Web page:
I like to think of it all as a form of creative anxiety, and I believe that all writers have some form of creative anxiety at different points in their writing process, different points in their writing lives. So if you experience creative anxiety, welcome to the writing life. This is just normal. Most writers experience this in some way, shape or form to some degree or another. And you are probably not alone. You're most likely not alone.

All the talk that we do as writers when we're talking about writer's block and, you know, being worried about not knowing what to write next or, you know, stopping because we're not sure the story's working. All of that is creative anxiety. It's a form of creative anxiety. I wanna go back to that, that definition though, right? Anticipation of a future concern. So we can also see that anytime we're feeling anxious, we know we're not in the present, we're not grounded in the present.

Our brain has gone off and is living in the future. We're worried about some future thing. We're worried about the book coming out, or the story or essay or poem coming out and us feeling exposed. We're worried about the book not working. The book we haven't finished yet, right? So we're in the future. We we're worried The book doesn't work. The book we haven't written yet because we're worried it doesn't work. <Laugh>, right? That's what we do.

So all anxiety is anticipation of a future concern. We cannot know the future. And so one of the ways we deal with creative anxiety is by being fully in the present. The other thing about anxiety is that it is a fear-based behaviour. So or fear-based thinking. So when we anticipate a future concern, our future concern is not typically isn't. What if my book is wildly successful and ends up on a New York Times bestseller list?

I mean, we, that might give some of us concern. Some people are anxious about, you know, runaway success, but for many of us, that would be a dream. And so often what we're worried about, it's some form of fear-based thought, okay? And fear is an emotional response to a perceived threat. Whether the threat is real or not. Our bodies and our brains believe it to be real. And so we end up in this fight, flight, or freeze kind of reaction. And what goes on is that our amygdala just kind of picks up a signal super quick. Like, like, we don't even know it's happening, but it picks up a signal based on a thought we've had that is a fearful thought about the future, something that could happen if we finish this piece of work and get it out into the world. And we are fearful about that.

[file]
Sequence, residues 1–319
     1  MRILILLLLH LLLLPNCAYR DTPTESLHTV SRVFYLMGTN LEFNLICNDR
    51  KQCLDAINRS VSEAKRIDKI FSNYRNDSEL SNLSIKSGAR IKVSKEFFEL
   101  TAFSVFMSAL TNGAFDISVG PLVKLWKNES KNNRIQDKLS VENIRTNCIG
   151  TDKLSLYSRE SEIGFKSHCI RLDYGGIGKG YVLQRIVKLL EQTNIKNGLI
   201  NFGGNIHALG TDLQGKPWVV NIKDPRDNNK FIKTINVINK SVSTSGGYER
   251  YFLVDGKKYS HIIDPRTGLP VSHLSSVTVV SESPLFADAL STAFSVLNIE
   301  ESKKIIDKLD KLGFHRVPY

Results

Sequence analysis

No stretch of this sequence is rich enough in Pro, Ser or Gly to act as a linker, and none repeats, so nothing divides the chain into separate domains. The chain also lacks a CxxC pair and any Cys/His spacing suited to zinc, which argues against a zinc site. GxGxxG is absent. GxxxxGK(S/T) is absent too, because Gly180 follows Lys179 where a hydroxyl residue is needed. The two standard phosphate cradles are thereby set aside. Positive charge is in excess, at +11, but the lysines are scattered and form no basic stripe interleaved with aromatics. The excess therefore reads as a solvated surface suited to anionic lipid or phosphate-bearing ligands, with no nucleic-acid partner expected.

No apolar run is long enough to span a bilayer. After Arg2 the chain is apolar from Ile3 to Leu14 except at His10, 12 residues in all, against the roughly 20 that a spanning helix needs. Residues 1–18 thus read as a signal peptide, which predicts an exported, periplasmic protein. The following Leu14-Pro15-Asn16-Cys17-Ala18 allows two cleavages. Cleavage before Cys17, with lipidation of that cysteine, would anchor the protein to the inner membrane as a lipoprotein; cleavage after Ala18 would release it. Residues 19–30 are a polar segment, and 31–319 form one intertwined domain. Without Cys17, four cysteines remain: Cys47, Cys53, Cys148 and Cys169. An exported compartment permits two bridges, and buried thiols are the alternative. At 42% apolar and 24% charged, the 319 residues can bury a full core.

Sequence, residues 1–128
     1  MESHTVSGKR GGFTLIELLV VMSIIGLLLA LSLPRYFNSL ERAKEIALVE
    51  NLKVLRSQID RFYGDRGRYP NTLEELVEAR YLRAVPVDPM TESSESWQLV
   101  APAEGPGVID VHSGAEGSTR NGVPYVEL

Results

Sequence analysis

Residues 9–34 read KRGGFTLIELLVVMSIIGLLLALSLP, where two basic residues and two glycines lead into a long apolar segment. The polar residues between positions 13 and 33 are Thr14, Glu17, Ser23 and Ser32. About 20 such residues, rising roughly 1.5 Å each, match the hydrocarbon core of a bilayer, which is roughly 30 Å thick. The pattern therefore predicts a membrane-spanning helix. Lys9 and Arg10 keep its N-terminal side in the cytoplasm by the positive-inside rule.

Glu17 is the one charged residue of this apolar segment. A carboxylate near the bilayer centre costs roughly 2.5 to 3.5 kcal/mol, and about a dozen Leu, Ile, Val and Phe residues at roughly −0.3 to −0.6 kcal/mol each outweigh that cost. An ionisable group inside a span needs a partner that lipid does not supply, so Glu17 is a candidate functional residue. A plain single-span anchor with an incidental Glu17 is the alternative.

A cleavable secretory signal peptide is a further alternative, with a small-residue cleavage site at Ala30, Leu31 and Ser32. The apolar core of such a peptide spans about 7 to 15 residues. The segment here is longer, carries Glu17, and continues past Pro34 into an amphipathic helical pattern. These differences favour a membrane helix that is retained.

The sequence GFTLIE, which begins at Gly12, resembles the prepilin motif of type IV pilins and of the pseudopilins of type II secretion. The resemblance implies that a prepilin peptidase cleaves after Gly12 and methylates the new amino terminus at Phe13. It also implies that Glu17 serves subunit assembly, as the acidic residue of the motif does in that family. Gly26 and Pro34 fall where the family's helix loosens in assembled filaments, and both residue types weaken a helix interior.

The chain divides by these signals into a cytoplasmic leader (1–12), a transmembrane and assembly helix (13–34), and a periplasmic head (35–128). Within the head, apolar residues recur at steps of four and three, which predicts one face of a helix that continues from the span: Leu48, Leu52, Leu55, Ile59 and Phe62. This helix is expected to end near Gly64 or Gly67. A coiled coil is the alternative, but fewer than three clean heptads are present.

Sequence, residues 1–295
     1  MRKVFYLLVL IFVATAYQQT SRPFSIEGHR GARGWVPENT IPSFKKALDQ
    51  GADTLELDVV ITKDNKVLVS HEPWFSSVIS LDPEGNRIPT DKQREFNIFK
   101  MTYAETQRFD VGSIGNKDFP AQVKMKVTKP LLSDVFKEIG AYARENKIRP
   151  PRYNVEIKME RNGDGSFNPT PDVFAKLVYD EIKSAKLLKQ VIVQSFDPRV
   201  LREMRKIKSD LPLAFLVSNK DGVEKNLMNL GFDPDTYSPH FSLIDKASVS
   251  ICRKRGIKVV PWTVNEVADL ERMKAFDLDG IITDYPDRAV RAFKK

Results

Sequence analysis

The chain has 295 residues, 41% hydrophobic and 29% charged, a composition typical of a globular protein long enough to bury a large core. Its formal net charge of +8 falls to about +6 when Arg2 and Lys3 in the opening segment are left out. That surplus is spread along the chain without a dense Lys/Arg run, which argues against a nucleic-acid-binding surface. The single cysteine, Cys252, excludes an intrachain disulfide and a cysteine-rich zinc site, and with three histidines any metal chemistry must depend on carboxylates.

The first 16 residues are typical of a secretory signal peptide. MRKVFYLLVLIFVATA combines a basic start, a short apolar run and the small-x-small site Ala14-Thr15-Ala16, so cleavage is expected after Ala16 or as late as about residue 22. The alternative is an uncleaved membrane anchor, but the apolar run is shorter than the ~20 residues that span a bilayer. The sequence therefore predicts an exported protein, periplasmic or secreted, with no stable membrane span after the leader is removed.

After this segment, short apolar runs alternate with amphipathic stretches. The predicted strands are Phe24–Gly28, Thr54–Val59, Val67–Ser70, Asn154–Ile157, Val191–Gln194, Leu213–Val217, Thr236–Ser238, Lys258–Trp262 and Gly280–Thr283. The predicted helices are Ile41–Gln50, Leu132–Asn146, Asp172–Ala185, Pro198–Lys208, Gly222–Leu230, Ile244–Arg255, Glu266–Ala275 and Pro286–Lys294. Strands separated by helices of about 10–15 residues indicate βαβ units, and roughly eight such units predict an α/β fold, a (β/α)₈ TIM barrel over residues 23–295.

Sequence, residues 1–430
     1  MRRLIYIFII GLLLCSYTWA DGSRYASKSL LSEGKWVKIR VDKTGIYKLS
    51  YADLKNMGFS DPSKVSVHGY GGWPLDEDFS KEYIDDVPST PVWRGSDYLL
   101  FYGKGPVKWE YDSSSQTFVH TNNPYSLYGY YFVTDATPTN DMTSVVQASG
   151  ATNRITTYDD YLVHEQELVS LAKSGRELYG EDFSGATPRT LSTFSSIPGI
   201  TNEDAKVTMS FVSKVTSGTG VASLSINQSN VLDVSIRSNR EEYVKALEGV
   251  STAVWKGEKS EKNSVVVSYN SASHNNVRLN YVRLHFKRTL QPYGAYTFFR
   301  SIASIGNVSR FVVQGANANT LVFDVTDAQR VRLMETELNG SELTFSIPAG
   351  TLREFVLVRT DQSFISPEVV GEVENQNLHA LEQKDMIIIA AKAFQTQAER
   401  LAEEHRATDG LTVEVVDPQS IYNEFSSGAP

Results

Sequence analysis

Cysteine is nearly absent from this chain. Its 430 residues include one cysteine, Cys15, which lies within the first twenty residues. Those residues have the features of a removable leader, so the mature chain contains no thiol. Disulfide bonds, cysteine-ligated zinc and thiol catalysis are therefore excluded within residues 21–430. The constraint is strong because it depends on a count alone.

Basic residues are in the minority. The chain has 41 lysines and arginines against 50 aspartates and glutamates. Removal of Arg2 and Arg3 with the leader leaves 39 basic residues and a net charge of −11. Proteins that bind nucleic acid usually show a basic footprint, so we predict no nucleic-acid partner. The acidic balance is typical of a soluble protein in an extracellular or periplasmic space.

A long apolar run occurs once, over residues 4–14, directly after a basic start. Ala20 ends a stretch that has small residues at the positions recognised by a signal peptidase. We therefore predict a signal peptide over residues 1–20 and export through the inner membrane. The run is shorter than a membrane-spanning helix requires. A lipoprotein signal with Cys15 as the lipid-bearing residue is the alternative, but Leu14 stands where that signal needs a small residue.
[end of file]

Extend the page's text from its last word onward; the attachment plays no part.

And so it makes us anxious that anticipating the future concern situation, right? Our brain loves certainty. Part of how it has evolved to keep us safe over time is that it looks for safety in certainty. And yet all writers live in a state of constant uncertainty. We don't know what this book is gonna turn out to be. We don't know how it's going to be received. We don't know how people are gonna respond to our work, right? So many things we don't know. And often we also live in what I think Sadie Smith called the Great Gap, which is that that gap between the big dream that we have for the work, the kind of glistening glimmering, you know, dream on a hill, the, the brilliant book we hope to create, the brilliant poem we hope to write, and our skills at the moment, and what we're ca, what we're capable of right now.

We all live in that uncertainty about I have this great idea. Will I, am I up to it? Will I be able to realize this creative dream I have? So we're always living in uncertainty. We're always living in a kind of unknowing and the creative unconscious. The amount of time we spend there, that's what we're doing. We're living in this unknowing and kind of, you know, laying down one brick at a time. So we know the next word and we know the next sentence, but we don't know the next chapter and we don't know the ending, and we don't know act two. And right? So it's even in the process of writing, in the process of developing our craft, we live constantly with uncertainty. And that can result in creative anxiety. It can result in thoughts that generate fear in us. And we don't even know we're, we're afraid.